In the years since 1988, the United States has seen an insurmountable amount of change. Same–sex marriage has become legal, the Chicago Cubs finally won their first World Series since 1908, and the iPhone was invented. But unlike the six U.S. Presidents, fourteen iterations of the iPhone, and 20 seasons of Keeping up with the Kardashians that have come and gone since 1988, one thing in American culture has stayed constant: Phantom of the Opera being on Broadway. On Feb. 18, 2023, that will no longer be true.

Phantom centers around the titular “Phantom of the Opera” and his tumultuous romance and obsession with the Soprano prodigy Christine Daaé. The show includes hits such as “Think of Me,” “All I Ask of You,” and “The Phantom of the Opera,” and is set in the opera world, complete with elaborate costumes, set designs, and a huge ensemble. For every performance of Phantom, there are 130 cast, crew, and orchestra members involved, which is necessary to manage the show’s 230 costumes, 14 dressers, 120 automated cues, 22 scene changes, 281 candles, 250 kg of dry ice, and ten fog and smoke machines.

Originally an import from London, the musical written by Andrew Lloyd Webber was an instant smash hit. Although critics didn’t think Phantom was the most well–written musical to ever grace the Broadway stage, it was an undeniable sensation from its first performance. After its Broadway debut in 1988, Phantom went on to win seven Tony awards (including beating the Sondheim classic Into the Woods for Best Musical) and only continued to grow its global fanbase.

On Jan. 9, 2006, Phantom surpassed Webber’s previous smash Cats as the longest–running show in Broadway history. Since that day, Phantom has performed over 6,000 more shows on Broadway, and has traveled to 33 countries, having an estimated international gross of $6 billion, more than the films Titanic and Avatar.

Phantom is not only one of the most commercially successful Broadway shows ever, but one of the select Broadway shows that is a true “blockbuster” phenomenon, more comparable to The Avengers or Star Wars than Broadway classics like Carousel or Gypsy. Phantom brought in an international audience not only for the music and the tortured characters, but for the spectacle. It became a brand as much as it was a musical; needless to say, smash hits like Wicked, Rent, and The Lion King would not be the commercial products they are if not for Phantom.

This kind of “spectacle” on Broadway, with operatic music, a commanding overture, and an iconic set piece like the chandelier, are not typical of today’s musicals. Aside from Wicked, The Lion King, and Hamilton, most shows on Broadway today are not trying to recreate the boom of Phantom, going for more human, smaller–scale stories. Shows like Dear Evan Hansen and Come from Away were big Broadway hits, both with relatively small ensembles, no extensive choreography, and more pop–contemporary music.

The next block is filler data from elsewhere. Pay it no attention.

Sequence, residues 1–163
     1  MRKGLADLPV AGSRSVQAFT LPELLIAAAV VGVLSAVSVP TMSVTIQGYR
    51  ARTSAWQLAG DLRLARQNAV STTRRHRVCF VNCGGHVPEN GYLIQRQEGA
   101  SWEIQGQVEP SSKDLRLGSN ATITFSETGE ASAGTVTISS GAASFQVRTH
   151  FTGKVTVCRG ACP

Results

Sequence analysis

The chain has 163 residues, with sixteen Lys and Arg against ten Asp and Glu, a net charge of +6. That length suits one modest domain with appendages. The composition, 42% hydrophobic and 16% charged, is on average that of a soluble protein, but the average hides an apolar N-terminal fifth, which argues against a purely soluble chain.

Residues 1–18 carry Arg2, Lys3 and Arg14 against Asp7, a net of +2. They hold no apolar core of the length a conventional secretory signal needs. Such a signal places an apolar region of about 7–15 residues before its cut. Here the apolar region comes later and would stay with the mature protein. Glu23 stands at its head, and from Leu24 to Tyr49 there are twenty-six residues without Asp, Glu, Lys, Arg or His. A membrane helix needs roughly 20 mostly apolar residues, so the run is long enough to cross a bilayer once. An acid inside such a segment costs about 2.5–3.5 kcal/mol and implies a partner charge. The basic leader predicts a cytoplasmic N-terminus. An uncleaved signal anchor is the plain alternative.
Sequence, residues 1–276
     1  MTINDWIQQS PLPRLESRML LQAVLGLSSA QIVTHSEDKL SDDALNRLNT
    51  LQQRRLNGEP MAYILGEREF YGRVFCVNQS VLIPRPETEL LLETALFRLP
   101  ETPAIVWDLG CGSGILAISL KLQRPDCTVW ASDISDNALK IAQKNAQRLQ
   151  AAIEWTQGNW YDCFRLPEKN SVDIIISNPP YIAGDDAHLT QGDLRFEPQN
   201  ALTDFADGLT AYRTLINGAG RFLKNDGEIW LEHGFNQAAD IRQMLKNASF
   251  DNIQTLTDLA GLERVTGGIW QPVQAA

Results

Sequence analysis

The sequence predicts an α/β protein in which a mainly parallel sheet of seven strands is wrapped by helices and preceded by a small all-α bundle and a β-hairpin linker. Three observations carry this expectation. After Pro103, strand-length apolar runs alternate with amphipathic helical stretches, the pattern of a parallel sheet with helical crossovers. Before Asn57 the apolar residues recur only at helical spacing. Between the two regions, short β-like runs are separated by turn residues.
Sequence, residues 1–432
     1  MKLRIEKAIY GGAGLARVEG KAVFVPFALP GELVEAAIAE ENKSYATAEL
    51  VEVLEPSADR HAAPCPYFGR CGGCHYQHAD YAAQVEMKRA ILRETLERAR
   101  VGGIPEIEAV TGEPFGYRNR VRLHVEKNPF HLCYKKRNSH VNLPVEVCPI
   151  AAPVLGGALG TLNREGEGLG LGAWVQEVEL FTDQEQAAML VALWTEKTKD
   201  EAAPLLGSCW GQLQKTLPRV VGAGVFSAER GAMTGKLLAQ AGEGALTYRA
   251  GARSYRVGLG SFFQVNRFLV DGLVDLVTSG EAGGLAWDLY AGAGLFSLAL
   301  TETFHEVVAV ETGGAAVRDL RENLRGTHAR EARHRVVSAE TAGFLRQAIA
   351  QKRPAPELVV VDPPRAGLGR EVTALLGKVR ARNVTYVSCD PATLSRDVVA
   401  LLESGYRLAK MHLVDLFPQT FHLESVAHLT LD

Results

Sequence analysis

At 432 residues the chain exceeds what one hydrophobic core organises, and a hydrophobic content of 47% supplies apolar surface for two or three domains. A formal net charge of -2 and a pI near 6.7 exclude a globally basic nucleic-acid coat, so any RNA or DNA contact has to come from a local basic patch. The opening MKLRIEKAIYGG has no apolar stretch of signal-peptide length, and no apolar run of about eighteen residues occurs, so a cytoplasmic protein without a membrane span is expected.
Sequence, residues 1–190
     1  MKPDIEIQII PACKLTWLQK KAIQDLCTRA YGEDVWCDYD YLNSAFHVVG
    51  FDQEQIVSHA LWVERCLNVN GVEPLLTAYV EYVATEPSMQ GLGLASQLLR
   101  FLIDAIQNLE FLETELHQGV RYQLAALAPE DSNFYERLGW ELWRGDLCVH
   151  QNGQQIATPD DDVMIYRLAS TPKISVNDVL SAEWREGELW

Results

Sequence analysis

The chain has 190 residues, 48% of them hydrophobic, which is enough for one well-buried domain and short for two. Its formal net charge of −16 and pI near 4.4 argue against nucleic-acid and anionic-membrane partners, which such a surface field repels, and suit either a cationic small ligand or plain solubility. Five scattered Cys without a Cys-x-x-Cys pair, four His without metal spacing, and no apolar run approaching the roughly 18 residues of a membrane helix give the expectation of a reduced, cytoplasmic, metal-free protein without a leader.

The reason for this is not so much because audiences don’t want spectacle, but more because the production costs for a show like Phantom are simply too large, and is the primary reason that Phantom is closing. The pandemic was a huge blow for all Broadway shows, but whereas other blockbuster musicals such as Wicked and The Lion King have been able to recover and keep up, Phantom faltered, and its high production costs (which have increased even further due to inflation) paired with its diminished box office returns are responsible for the closure.

Broadway has faced many crossroads since the pandemic began, but Phantom’s closing will be Broadway’s biggest change of the 21st century. No other show has performed in the Majestic Theater since 1988, and many performers and theatergoers have never come to Broadway without Phantom being there. Phantom’s makeup artist, Thelma Pollard, has been with the show since its opening, nearly 35 years ago. This transition period for Broadway will likely be one studied in theater history, as Broadway will have to decide if they want to invent the new Phantom (and see if that’s even possible), or move on from its grandeur.

After 13,925 performances, 19.8 million tickets sold, and over $1.3 billion grossed, Phantom’s mark on Broadway will not fade away quickly. It is a show that has resonated with audiences for decades, and will forever remain a staple in the pantheon of musical theater. Its impact on Broadway is indelible and undeniable, even to the show’s harshest critics. When the chandelier lowers one last time in the Majestic Theater, a part of Broadway history will lower as well, and all of musical theater will have to enter into the new “post–Phantom” normal.